The Austria in the Age of Metternich
Clemens von Metternich was initially successful in maintaining a European consensus favorable to Austrian interests. He used the example of liberal revolutions in Spain and Naples and revolutionary activity in Germany to demonstrate the universal menace posed by liberalism and thus won Austria the support of Prussia and Russia. Britain also supported Austria because the two countries had common interests favoring a strong Austrian presence in Germany, limited French influence in Italy, and the maintenance of the Ottoman Empire to prevent Russian advances in the Balkans.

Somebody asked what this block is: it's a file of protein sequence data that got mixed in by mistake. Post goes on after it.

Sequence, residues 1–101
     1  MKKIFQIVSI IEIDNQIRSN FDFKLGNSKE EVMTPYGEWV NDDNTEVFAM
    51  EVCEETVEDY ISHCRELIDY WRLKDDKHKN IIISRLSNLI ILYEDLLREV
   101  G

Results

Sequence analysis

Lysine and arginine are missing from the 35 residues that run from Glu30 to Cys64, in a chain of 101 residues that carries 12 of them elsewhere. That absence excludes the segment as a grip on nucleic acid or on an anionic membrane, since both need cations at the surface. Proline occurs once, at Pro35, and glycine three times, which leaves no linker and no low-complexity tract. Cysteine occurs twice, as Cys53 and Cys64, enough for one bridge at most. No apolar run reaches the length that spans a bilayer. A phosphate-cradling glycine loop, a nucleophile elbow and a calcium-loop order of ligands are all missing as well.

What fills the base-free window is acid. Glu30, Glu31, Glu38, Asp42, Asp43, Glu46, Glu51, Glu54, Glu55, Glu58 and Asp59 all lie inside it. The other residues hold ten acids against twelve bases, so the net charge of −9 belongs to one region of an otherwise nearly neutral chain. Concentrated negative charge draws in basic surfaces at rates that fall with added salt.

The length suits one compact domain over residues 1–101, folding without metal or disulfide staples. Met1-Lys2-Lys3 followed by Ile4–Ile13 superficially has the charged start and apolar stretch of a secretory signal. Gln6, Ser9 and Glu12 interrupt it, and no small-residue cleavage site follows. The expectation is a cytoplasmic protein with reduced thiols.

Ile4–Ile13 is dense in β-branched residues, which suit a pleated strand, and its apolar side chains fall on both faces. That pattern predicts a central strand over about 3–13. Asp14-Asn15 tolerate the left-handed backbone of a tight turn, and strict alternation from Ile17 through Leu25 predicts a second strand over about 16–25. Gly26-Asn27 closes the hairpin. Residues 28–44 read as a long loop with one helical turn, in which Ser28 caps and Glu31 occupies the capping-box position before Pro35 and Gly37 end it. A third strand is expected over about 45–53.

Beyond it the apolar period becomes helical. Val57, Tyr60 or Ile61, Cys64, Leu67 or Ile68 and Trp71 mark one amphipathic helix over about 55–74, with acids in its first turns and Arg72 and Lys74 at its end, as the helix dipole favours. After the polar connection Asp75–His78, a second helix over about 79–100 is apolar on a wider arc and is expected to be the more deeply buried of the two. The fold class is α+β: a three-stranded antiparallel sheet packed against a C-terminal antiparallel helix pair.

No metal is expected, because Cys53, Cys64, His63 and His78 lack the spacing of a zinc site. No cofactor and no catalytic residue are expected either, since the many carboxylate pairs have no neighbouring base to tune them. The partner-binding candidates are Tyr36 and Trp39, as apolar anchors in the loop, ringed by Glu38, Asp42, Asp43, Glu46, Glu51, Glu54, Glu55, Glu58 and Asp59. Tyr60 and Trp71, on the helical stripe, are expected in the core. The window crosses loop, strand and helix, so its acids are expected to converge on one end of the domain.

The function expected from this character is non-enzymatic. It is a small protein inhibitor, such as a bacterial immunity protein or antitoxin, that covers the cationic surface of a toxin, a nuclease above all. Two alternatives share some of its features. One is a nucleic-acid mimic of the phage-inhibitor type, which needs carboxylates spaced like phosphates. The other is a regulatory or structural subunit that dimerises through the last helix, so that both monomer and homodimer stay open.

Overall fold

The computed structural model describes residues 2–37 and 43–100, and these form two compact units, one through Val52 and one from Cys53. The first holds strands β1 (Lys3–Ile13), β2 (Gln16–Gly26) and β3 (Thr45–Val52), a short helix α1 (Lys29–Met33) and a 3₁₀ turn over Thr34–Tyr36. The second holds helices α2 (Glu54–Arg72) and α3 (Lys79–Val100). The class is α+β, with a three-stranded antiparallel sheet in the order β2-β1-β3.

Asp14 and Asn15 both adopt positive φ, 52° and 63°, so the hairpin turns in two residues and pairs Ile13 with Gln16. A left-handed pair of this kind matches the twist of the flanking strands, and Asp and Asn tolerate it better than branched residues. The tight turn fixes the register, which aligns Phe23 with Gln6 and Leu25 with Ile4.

The support from the other great powers dissipated, however, in the mid- and late-1820s. Russia became more assertive in the Balkans, and British policy increasingly reflected that nation's liberal popular opinion. But Metternich was able to regain Russian and Prussian support in the early 1830s, following another round of liberal uprisings in Europe. Even Britain returned to close cooperation with the other powers to block French interests in Egypt. Nevertheless, Metternich failed to respond effectively to Prussia's formation of a German customs union in 1834. The customs union excluded Austria and promoted the economic integration of the other German states, thus facilitating German political unification under Prussian leadership later in the century.
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